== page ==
Difference between revisions of "Human Cytomegalovirus"

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[[Image:TEM_CMV.png|200px|thumb|right|Figure 1. Transmission Electron Micrograph (TEM) shows cytomegalovirus virions present in an unknown tissue sample.]]
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[[Image:TEM_CMV.png|200px|right|Figure 1. Transmission Electron Micrograph (TEM) shows cytomegalovirus virions present in an unknown tissue sample.]]
  
  

Revision as of 15:05, 4 December 2015

This student page has not been curated.
Figure 1. Transmission Electron Micrograph (TEM) shows cytomegalovirus virions present in an unknown tissue sample.


1. Introduction

Human cytomegalovirus (HCMV) is a member of the herpesvirus family that generally remains unnoticed in the human body, but can be severely pathogenic in immunocompromised patients [1]. HCMV can be transmitted by direct contact with bodily fluids such as saliva, tears, urine, stool, semen and breast milk [2]. As a species-specific disease, human cytomegalovirus can be found in all organs and bodily fluids, and therefore can lead to infection in developing infants (Figure 1). HCMV is found to be one of the leading congenital diseases affecting children by causing deafness, learning disabilities, and mental retardation [3]. Moreover, HCMV is capable of remaining latent after infection until death, and is responsible for different types of cancer, such as prostate cancer [4]. The seroprevalence of HCMV is similar to most sexually-transmitted viruses and impacts the elderly and those of lower socioeconomic status. More than half of HCMV prevalence is for individuals older than 6 years old, and prevalence dramatically increases as socioeconomic status decreases [5]. Current research is aimed towards developing a vaccine against HCMV, one that specifically induces deletions in the virus’ genome and prevents the virus from avoiding natural immunity development [6]. The direct relationship between HCMV and cancer remains undiscovered, as scientists continue to uncover modulation and modification mechanisms of the virus instead of evidence for direct causation [34].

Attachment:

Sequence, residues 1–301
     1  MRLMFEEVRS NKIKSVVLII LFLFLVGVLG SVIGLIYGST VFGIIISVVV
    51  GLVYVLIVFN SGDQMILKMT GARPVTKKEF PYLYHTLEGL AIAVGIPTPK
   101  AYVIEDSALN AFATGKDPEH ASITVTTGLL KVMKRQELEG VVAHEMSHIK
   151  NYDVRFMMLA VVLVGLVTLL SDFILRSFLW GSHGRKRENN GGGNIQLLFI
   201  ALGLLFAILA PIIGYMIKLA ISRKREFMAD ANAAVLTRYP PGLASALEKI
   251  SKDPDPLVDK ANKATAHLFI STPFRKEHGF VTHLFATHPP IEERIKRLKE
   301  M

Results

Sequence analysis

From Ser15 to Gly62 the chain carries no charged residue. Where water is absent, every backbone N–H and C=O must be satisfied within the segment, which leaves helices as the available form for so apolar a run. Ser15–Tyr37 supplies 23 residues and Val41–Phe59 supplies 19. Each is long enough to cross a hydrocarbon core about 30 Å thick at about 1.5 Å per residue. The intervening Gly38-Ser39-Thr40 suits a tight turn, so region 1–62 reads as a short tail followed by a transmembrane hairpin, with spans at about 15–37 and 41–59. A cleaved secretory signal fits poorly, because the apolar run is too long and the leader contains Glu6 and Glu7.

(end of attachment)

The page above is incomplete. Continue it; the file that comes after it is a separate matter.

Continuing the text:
2. Classification

Higher order taxa: Viruses; dsDNA viruses, no RNA stage; Herpesvirales; Herpesviridae; Betaherpesvirinae; Cytomegalovirus

Species: Human herpesvirus 5

3. Genome structure

The HCMV genome consists of approximately 230kb of linear double stranded DNA, making it the largest out of all the human herpesviruses [7]. The genome is split into a unique long (UL) and a unique short (US) region, both flanked by inverted sequences [7]. It contains approximately 150 open reading frames (ORFs) that encode proteins [8]. Out of these, it has been found that 41 are essential and 117 are nonessential for HCMV replication. Whether an ORF is essential or nonessential depends on the type of cell the virus is grown in, which suggests that ORFs may play a role in tissue tropism [8]. To date, most studies have been conducted on viral strains that are grown in cultures of human fibroblast (AD169 and Towne strain) and epithelial cells (Toledo strain). Only the AD169 strain has been fully sequenced [9]. A challenge of using these strains is that HCMV strains grown in culture lack up to 19 genes found in clinical isolates of HCMV virus [10]. After numerous passages, the viruses undergo deletions and recombinations in culture [10]. One study found that the published sequence for HCMV in the AD 169 strain lacks 929 base pairs affecting two genes (UL42 and UL43) that are nonessential for growth in culture [11]. Bacterial artificial chromosomes (BACs) have been used to create frozen clones of HCMV DNA, allowing for some standardization of the highly variable HCMV virus [12]. The sequencing of CCMV, the chimpanzee cytomegalovirus, was obtained in 2002. CCMV is only moderately diverged from HCMV, as demonstrated by their similar GC contents. While the AD 169 strain of HCMV has a GC content of 58%, CCMV has a GC content of 62% [13]. By comparing CCMV to the published HCV sequence, 51 previously proposed ORFs have been discounted and 10 novel genes have been proposed [13].